Jewish presence in Iberia has existed long before Portugal itself became a country. During your journey, you will discover the great contribution of Portuguese Jews to the arts, philosophy, commerce and sciences, which helped to create the rich cultural heritage of Portugal. This unique tour focuses on places of Jewish interest, as well as the fascinating people who continue to contribute to Portuguese society.
Have an inimitable Jewish experience while staying at charming hotels, tasting a genuine cuisine and enjoying superior sightseeing in private transfers. Visit all the major Jewish heritage places mixed with major sights of Portugal.
All our guides are licensed with in-depth knowledge of Jewish heritage in Portugal.
Lisbon is, without doubt, a charming city, both Atlantic and Mediterranean, illuminated by an extraordinary light. Singular monuments scatter themselves through an urban landscape unlike any other, and beautiful vantage points open up extraordinary views over the river Tagus. Jewish life probably began here not long before the city fell to the Moors in the 8th century. The Alfama quarter, hugging a slope between the river and the castle, is one of the city’s oldest areas, and the birthplace of a large Jewish community who flourished here in the hereabouts of the Rua da Judiaria. As the community grew, and more Jewish refugees came to Lisbon, the new quarters, Judiaria Grande and Judiaria Pequena formed in the 13th century near what is today the central Praça do Comércio. This entire area was totally destroyed by the 1755 earthquake. The nearby Rossio square was the site of the court of the Inquisition.
Our next stop is Lisbon’s main Synagogue, Shaare Tikva, built in the early 20th century as Jews of Portuguese descent returned to Portugal from Gibraltar and North Africa.
After Lisbon, we will visit Sintra, a UNESCO World Heritage site, in search of the village’s Jewish Heritage. Due to its position, beauty, water ravines and fresh water springs, Sintra was used as a retreat by the Romans, the Moors and the Portuguese Kings.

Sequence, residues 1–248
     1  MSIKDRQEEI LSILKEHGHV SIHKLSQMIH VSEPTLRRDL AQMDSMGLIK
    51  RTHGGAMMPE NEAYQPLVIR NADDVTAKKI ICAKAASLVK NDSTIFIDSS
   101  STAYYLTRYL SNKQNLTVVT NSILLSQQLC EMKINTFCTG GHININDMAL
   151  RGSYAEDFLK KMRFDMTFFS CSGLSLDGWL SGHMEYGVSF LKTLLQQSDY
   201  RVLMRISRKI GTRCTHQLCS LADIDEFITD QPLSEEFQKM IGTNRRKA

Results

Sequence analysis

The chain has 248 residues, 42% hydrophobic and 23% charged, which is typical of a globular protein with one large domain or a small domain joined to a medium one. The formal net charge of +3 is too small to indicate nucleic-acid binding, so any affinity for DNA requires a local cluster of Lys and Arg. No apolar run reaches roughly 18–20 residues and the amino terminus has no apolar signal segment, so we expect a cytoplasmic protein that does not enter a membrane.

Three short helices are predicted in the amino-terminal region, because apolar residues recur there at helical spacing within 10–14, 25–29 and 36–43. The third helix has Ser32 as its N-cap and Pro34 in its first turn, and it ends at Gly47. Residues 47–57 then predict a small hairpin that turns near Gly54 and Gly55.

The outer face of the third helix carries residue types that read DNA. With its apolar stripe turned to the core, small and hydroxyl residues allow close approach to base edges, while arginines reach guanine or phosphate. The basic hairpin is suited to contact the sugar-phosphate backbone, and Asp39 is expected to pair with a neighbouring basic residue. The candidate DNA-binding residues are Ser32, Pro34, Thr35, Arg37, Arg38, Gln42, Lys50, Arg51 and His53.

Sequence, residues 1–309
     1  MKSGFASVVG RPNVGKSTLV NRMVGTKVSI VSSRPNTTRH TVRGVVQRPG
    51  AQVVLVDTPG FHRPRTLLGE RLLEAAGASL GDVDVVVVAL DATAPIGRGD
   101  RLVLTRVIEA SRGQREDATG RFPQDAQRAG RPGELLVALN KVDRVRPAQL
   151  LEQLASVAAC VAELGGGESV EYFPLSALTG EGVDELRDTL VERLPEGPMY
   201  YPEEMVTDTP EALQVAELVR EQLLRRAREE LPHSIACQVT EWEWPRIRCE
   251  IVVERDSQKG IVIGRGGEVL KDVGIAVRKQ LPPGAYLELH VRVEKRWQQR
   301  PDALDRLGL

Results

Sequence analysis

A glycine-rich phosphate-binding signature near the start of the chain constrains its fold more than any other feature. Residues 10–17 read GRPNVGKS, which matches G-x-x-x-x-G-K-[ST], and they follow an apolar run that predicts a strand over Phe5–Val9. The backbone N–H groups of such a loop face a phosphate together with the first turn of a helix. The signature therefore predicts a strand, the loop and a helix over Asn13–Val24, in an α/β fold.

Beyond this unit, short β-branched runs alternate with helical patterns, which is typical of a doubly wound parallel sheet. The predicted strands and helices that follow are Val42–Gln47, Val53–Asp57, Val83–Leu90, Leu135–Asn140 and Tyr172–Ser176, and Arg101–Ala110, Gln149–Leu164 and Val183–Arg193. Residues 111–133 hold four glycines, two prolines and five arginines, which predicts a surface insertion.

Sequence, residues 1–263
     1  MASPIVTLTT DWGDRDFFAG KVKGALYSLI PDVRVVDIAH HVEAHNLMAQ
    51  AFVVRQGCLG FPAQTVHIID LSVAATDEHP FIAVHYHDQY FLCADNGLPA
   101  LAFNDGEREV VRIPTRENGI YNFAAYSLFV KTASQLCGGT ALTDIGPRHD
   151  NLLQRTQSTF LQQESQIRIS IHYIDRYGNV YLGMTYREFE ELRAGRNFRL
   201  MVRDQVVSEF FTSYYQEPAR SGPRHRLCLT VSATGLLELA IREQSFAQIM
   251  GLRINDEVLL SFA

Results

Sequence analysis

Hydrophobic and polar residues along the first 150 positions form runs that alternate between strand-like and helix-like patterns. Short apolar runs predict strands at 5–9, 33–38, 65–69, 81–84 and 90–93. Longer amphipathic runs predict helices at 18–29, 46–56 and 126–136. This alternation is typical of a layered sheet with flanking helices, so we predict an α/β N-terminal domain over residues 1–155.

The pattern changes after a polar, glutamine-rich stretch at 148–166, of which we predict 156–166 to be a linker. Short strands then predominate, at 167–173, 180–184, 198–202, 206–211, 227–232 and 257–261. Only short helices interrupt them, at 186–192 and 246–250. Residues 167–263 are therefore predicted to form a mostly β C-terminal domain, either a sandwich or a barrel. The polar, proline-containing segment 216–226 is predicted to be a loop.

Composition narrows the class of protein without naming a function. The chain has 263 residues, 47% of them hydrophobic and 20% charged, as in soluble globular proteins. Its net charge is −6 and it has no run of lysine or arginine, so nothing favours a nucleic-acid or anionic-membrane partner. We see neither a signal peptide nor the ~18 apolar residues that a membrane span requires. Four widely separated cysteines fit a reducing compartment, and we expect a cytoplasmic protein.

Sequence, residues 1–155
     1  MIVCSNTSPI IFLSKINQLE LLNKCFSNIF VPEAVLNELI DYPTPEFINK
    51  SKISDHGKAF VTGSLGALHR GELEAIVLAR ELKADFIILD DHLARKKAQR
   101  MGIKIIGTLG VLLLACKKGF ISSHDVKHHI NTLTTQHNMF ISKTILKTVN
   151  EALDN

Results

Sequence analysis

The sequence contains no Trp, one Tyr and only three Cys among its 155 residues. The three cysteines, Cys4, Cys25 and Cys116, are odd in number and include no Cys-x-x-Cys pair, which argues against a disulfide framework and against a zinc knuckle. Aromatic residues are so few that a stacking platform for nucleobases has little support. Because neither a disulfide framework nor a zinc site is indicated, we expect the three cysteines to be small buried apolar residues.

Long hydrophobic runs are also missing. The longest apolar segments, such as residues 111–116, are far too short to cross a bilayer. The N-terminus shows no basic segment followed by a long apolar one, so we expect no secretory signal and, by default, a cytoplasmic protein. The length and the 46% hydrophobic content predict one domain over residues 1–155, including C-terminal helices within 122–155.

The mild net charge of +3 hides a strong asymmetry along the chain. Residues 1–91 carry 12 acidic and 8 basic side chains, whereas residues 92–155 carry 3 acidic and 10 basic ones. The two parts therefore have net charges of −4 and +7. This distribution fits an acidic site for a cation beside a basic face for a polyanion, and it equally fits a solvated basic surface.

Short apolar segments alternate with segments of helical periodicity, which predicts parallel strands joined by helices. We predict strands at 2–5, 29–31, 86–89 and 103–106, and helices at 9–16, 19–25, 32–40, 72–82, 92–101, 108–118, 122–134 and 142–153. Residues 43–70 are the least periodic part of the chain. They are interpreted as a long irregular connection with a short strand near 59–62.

The Jewish quarter where the Jews lived and mixed at the Royal Court is still visible today. We will take the opportunity to visit the singular National Royal Palace before we get back to Lisbon where you will visit the Mosteiro dos Jerónimos, and marvel at its breath-taking cloister. Far from the monastery, the Torre de Belém, guarding the mouth of the Tagus River from where the navigators set out on voyages of discovery of the trade routes, is our next stop, before we visit the Padrão dos Descobrimentos, a monument where some New-Christians who contributed with their knowledge towards the Discoveries, are represented.
Your journey continues on to Alentejo, a large territory to the south of Lisbon. Enjoy a unique journey across the most fascinating, well-preserved region of Portugal, with a heritage enriched by a variety of cultures and landscapes blessed by a unique beauty. Évora, an ancient city of narrow streets, unforgettable monuments and white, sun-washed houses is a UNESCO World Heritage site since 1986. This monumental city prospered in the late middle ages. It was here that one of the largest Jewish communities existed up to the 15th century and several houses still bear traces of the old Mezuzot. The Judiaria had two synagogues, a hospital, a Midrash, baths, and lively commerce.
From here we head to Marvão, a geranium-filled, walled village perched on a high rocky peak from where one can almost touch the sky. This impressive fortress town served as an entry point to the thousands of Jews who fled Spain in the 15th and 14th centuries.
Scenic and charming, the town of Castelo de Vide welcomes the visitor with its white houses clinging to a castle on a hill. By the 14th century, a large Jewish community existed here, and fascinating remains document its importance today. The Judiaria ran from the castle gate, down to the village fountain (Fonte da Vila) and on to the Rua Nova. An amazing medieval synagogue stands at the corner of the Rua da Judiaria and Rua da Fonte. Restored to its original appearance, the museum today features the original 14th-century stone ark for the Torah, and the ancient baths. Many nearby houses have markings or Mezuzot slots on the doors as evidence to their former Jewish owners.